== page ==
By using You instead of “he” or “she,” Yuzna also creates a unique sense of time for the reader; as a reader, they are in the present moment of the speaker looking at the radio and remembering You, and as You, the reader is having the experience of being the one remembered. The utilization of You allows Yuzna to create a simultaneous experience of being in the past and the present. Because You is a former lover, there an intimacy to the memory, and that intimacy can only be achieved for the reader by standing in as the addressee. If the speaker were to refer to her former lover as “he” or “she,” the reader would merely be an observer of one person’s experience, only getting to see how the speaker feels. By becoming You, the reader can identify with both characters. Interestingly, Yuzna’s poem “The Cheerleader” accomplishes a similar duality, but with different perspectives.

“The Cheerleader” is immediately set up as You, but the dual role in this poem is not played by time but by the reader and the speaker; the speaker is addressing herself while addressing the reader. The context of the poem is very dark, the speaker is narrating the experience of being in a sanatorium-like setting:

…And the shrink, his white sheet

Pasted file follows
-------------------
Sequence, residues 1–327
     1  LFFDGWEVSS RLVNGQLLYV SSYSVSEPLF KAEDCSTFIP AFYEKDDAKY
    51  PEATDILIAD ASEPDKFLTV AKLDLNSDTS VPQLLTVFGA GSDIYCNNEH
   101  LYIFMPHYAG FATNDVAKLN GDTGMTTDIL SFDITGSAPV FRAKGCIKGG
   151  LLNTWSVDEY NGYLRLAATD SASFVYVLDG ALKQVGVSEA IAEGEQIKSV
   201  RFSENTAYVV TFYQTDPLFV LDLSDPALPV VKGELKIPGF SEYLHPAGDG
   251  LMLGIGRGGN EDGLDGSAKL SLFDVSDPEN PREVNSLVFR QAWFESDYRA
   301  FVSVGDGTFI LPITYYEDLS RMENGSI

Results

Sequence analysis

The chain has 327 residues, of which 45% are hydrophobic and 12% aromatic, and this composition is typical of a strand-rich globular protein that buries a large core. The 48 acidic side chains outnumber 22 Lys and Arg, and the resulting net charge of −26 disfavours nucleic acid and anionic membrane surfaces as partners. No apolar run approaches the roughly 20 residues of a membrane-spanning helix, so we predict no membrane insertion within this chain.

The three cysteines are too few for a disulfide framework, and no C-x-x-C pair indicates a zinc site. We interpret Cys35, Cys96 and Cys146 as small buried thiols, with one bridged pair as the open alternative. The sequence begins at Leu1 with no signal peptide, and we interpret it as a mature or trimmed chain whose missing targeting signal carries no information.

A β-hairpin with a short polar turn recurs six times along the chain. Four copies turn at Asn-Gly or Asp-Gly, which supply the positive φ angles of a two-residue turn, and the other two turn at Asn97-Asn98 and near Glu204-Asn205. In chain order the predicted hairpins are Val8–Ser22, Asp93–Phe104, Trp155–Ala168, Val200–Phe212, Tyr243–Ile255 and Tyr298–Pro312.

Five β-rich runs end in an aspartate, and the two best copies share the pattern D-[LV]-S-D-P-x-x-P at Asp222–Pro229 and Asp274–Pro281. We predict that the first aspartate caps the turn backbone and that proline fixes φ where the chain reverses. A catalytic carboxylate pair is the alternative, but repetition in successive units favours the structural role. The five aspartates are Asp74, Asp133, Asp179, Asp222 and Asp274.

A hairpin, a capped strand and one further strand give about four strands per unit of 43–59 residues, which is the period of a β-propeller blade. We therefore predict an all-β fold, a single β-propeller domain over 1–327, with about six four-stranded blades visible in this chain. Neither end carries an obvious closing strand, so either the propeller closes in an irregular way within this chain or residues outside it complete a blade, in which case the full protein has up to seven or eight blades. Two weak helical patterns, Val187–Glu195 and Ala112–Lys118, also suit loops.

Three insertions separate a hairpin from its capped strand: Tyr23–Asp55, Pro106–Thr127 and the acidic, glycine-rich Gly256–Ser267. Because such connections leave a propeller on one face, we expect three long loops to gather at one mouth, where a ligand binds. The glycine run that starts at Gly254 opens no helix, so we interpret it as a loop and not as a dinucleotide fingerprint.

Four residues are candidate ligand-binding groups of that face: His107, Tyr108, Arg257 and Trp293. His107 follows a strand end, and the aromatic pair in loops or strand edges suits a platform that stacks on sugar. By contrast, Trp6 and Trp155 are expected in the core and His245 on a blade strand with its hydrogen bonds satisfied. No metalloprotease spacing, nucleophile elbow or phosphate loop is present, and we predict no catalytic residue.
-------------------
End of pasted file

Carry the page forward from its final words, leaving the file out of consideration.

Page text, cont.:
of a coat, explaining your self-esteem is low, that’s why

you can’t accept love from a man, he’ll help you learn how—
he’s gone too. Don’t your arms feel like their floating?

As for the roses, there, in the white vase, lift those out
and eat them, one by one, the red, red roses, while you wait.

It is because the voice here is disembodied from its owner that Yuzna is able to create a persona contained within the poem as well as make the reader feel as if they are the mental patient being spoken to. You is being commanded, but because of the presence of the shrink, the suggestion of a sterile environment with “white sheets” and “white vase,” it is intimated that the speaker is talking to herself about life on the inside. It is only the use of You that grounds the reader to the speaker, again because the reader is drawn into the experience instead of remaining an observer.

Another poet that uses You to create duality in an interesting way is Jane Springer. In “Hindsight Ballad: I’d Go Back & Fix Me, If I Were My Own Daughter,” You is not the reader at all, but various incarnations of the speaker. In this poem, the suggestion is that the speaker is addressing her former self, a mature woman recalling her youth, but the use of present tense also creates the sense of a mother shadowing her daughter in the moment.

One body—yours.

Is the hot new jackoff topic in every men’s bathroom. Which makes things multiply.
I see you in black jeans with two holes torn out the knees & a three-stringed
halter that shows what a scant
mile you believe you could walk on your smarts. What you don’t know: No one wants
you
drunk to hear you recite the high school mercy speech from Merchant of Venice &
that
dirt road…

…will not lead you to the Julliard your aunt & mother put
money in your savings for—but to a shack small as a four walled dock